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Jewish Journal

Living an Examined Life

by Beit T'shuvah

February 14, 2014 | 12:57 pm

By Rabbi Mark Borovitz

As I sit here, this morning, at my computer I am thinking about an article written in The Catholic Agitator by Dr. Cornel West about Dorothy Day, the founder of the Catholic Worker. Dorothy Day is a hero of my wife, Harriet Rossetto and an extraordinary woman, who’s memory is a blessing to so many.

In the article, Dr. West says that Dorothy Day, “took so seriously the words of Plato: ‘The unexamined life is not worth living.’ Yet she understood, as Malcolm X always added, ‘the examined life is painful.’”

This paradox is what all of us have to live in. For many people, finding a way out of living in this paradox is their life’s quest. How silly, really, when you think about it. As I get older, I realize that I am not going to get out of life alive :) I do want to slide into the grave with grass stains and wounds and scars from living life out loud (some/many say I live too loudly) and knowing that I have looked at me and at you and together we have made a difference and become better at being human.

This paradox is not to be shunned or even figured out, I believe. It is living in this paradox where greatness happens. Looking at the heroes of the Bible, and of life since Biblical times, we see their flaws, their warts AND their greatness. This is the hardest conundrum for most people. We live in an either/or society and we get confused when someone is Both/And; great and a louse, heroic and mistaken, loving and warring. These are not antithetical behaviors, rather, they are human.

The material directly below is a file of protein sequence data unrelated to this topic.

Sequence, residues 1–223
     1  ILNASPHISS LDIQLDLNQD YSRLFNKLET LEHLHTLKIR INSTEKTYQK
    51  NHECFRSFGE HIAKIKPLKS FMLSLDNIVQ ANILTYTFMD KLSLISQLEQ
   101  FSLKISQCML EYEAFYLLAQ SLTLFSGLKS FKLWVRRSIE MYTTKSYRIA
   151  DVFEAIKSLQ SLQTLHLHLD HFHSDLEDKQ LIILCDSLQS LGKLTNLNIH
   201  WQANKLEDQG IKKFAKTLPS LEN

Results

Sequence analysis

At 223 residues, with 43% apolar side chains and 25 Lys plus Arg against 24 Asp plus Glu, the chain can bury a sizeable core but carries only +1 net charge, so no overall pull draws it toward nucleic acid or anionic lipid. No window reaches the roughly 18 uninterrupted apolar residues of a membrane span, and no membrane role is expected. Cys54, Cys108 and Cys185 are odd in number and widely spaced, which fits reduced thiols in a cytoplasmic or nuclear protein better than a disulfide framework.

Dorothy Day was not a perfect woman. Because of her imperfections, I believe she was a saint! Just as Rev. King Jr., Rabbi Abraham Joshua Heschel, etc. were not perfect, they were heroes and Saints (a Jewish Saint? why not remember Jesus was Jewish) because they lived lives of examination.

It is painful for me, as it is for everyone who lives an examined life, because I see the areas that I messed up, the opportunities I missed, the explosions and chaos I have caused. These bring me much pain and sadness; they also bring me hope and joy. Pain and sadness for those I have harmed and for not serving God and wrestling with myself to curb myself. Hope and joy for being able to live in truth and change and repair, serving God and you all better and living my place/gift in this world to the greatest degree I can as well as knowing that today and tomorrow bring new opportunities to examine, re-examine, and do better in my life.

This is why I am “Addicted to Redemption” and ask you to join me in a life of T’Shuvah, examination, repair, response, and joy.

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This blog will be written to give our readers a sampling of our philosophy of recovery and to offer a behind-the-curtain look into the minds of the leaders of our community. ...

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